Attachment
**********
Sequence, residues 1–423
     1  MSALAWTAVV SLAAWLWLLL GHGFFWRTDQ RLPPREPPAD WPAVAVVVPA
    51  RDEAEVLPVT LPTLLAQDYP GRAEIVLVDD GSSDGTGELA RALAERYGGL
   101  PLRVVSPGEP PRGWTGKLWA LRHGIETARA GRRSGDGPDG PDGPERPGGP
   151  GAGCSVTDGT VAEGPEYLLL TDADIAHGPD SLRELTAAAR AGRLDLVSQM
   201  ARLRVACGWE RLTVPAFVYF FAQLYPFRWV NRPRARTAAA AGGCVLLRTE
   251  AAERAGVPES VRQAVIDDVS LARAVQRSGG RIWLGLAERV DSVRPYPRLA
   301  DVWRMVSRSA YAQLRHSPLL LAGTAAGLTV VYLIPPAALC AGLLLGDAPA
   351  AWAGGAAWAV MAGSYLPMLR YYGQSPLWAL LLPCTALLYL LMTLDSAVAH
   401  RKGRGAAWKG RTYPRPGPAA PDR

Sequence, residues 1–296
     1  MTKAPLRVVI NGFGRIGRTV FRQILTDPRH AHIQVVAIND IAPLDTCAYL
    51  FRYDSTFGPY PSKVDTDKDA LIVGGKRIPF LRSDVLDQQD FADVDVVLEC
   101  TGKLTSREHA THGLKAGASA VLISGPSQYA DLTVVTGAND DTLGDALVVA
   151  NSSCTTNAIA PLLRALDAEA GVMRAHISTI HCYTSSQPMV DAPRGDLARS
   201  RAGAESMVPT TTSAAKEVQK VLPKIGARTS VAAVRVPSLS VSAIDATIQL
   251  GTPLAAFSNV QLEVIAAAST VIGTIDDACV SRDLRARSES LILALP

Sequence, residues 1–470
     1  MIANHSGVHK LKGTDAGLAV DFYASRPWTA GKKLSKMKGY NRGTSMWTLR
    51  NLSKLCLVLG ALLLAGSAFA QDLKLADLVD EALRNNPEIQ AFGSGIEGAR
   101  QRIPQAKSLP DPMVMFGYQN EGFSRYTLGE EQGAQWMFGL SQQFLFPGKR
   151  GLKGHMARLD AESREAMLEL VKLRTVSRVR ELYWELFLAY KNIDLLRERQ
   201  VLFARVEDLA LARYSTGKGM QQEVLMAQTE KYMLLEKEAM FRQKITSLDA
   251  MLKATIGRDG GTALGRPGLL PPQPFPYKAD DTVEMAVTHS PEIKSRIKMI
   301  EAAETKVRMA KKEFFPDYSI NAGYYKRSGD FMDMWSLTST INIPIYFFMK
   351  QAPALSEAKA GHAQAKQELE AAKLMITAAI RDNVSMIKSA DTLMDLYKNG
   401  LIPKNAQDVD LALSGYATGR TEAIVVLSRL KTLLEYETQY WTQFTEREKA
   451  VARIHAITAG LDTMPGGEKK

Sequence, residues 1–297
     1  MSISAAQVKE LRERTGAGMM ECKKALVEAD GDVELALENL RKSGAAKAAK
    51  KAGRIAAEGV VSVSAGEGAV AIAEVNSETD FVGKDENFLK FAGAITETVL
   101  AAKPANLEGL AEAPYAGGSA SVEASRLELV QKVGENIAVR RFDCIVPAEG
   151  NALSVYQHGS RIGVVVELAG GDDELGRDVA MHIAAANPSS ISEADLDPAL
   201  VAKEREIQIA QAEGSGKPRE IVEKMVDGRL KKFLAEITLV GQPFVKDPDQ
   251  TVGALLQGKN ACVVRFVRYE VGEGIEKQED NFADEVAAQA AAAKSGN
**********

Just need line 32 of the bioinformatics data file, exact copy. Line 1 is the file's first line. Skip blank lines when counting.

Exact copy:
   101  AAKPANLEGL AEAPYAGGSA SVEASRLELV QKVGENIAVR RFDCIVPAEG